The face of ecumenism in the United States may be changing. Recently, the National Council of Churches (NCC) has taken a first step to broaden its reach to include conservative Protestants, Roman Catholics, and charismatics."It's time for the Christian community in America to kiss and make up," Bob Edgar, the General Secretary of the NCC told Ecumenical News International in May. "It is time to risk ourselves and examine what a national ecumenical organization could look like in a new century."NCC's new emphasis seems to have been spurred on by the organization's financial plight. Membership, funding, and staff have been declining for two decades. Last year was particularly tough for the 35-denomination, 50-million-member organization. Consulting fees, retirement fund errors, and an unexpected rash of burned churches drawing down the NCC's rebuilding fund have left the NCC with an estimated $6.4 million deficit. The NCC board is in the process of reinforcing financial accountability.In May the council received another blow when Church World Service (CWS), an organization under the auspices of the NCC, formalized its break from the council. As the NCC's relief agency, CWS was responsible for about 85 percent of NCC spending, thus eliminating a large part of the NCC's traditional mission.Taking a landmark step of its own in March, the National Association of Evangelicals (NAE) changed its bylaws to allow NCC members also to have a membership with the NAE if they commit to NAE's statement of faith and mission. This change gave rise to a bid by the Reformed Church in America in June to become the first member of both organizations."The Reformed church has historically been both ecumenical and evangelical," Wesley Granberg-Michaelson, general secretary of the Reformed Church told the Religion News Service. "I trust that we can build bridges between divided parts of the Christian community for the sake of our common witness to the world."But many evangelicals remain wary of the newly developing relationship, saying the NCC has traditionally focused on political concerns. As an example, some evangelicals point to a June speech at the Presbyterian Church (USA) General Assembly, where NCC President Andrew Young reiterated his support for homosexual rights but spoke little about specifically spiritual matters."While the NCC has been making small overtures to the evangelical community for years, this new openess seems to be largely driven by financial considerations," says Brad Ericson, editor of Conversations, an Evangelical Free Church newsletter. "The real question is whether the new NCC will have a focus and goals that reflect what all Christians should agree is most important: the advancement of the Kingdom of Christ and his glory."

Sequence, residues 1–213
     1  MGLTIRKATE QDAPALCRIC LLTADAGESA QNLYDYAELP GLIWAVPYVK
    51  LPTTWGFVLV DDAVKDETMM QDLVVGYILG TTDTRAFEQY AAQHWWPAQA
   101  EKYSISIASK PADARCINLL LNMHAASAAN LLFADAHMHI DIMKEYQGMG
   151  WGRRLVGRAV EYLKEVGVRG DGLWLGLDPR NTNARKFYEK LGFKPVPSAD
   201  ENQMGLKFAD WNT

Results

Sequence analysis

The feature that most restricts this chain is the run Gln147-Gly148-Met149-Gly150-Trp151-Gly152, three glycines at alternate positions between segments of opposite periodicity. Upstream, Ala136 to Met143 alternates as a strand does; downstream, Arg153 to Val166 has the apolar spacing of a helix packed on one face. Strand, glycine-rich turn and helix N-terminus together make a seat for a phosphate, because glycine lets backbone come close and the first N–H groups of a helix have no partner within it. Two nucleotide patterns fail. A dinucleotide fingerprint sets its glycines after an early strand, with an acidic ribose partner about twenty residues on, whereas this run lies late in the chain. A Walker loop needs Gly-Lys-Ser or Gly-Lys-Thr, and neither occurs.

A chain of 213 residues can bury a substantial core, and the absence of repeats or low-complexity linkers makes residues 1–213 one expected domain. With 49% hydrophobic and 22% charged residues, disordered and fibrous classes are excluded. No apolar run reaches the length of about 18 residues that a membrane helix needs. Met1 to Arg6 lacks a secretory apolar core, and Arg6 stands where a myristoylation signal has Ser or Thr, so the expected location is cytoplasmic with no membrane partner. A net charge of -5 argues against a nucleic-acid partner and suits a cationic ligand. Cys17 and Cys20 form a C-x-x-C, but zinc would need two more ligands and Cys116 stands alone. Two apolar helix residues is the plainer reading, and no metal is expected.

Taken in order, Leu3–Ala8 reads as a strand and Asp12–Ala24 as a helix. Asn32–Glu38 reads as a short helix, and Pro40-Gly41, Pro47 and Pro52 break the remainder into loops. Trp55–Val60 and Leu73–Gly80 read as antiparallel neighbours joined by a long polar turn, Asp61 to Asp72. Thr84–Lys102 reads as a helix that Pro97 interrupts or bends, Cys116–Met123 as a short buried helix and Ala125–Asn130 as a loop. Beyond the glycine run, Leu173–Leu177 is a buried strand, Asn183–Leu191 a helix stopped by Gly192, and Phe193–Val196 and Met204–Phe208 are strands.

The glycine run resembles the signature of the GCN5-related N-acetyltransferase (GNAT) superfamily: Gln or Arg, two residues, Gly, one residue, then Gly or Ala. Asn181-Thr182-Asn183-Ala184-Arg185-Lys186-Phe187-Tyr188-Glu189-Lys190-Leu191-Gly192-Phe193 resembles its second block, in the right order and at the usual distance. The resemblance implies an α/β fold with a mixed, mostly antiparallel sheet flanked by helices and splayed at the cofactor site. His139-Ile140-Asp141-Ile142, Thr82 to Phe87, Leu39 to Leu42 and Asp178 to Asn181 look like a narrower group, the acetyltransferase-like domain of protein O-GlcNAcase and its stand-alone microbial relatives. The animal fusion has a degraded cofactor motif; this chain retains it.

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Earlier Christianity Today articles about the National Council of Churches include:National Council of Churches Making Gun Control Top Legislative Priority | We must halt America's gun scourge says general secretary. (April 30, 2000) National Council of Churches Welcomes End to 'Miami Circus' Over Elián | General secretary laments use of force. (April 27, 2000) The War for Elián | Miami churches protest NCC's efforts to return Elián González to Cuba. (March 16, 2000) Methodists Freeze NCC Funding | Church says questions unanswered over organization's $4 million debt. (December 6, 1999)Click here for a list of current NCC members.The Associated Press story on the NCC's bid to form a new organization ran in The Dallas Morning News.The NCC's homepage links to all their policies and member organizations.The National Association of Evangelicals site displays NAE's changed bylaws .Stories about the NCC's involvement in the Elián González saga include NCC's involvement with Elián's family and NCC's control of Elián's Legal Fund .

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